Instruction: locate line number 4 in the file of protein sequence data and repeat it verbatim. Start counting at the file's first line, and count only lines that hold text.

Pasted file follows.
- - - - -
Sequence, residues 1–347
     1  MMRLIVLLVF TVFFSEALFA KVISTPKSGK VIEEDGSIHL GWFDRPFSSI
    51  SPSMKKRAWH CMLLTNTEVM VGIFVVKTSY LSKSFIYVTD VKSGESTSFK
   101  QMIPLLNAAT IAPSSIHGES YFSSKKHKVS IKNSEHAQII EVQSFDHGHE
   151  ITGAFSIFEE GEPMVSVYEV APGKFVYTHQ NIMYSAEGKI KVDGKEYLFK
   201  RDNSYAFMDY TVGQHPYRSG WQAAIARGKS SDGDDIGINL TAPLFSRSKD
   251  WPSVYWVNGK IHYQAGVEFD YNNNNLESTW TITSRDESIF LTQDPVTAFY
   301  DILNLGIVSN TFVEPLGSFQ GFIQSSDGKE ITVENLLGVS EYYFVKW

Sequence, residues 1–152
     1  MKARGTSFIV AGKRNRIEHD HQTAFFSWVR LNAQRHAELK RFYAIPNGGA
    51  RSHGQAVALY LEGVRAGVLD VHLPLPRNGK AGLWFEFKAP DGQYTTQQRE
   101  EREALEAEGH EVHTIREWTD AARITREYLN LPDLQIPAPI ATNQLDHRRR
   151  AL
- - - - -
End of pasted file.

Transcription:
   101  QMIPLLNAAT IAPSSIHGES YFSSKKHKVS IKNSEHAQII EVQSFDHGHE